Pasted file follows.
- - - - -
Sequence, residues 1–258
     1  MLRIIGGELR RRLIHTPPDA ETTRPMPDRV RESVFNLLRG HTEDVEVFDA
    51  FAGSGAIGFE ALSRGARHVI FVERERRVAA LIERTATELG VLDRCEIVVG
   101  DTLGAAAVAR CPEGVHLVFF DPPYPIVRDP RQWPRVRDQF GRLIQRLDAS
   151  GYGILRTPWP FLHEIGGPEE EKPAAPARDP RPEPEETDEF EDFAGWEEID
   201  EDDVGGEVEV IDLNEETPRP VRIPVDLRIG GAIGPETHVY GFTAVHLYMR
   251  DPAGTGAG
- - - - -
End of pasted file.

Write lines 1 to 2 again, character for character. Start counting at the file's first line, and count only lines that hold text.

Sequence, residues 1–258
     1  MLRIIGGELR RRLIHTPPDA ETTRPMPDRV RESVFNLLRG HTEDVEVFDA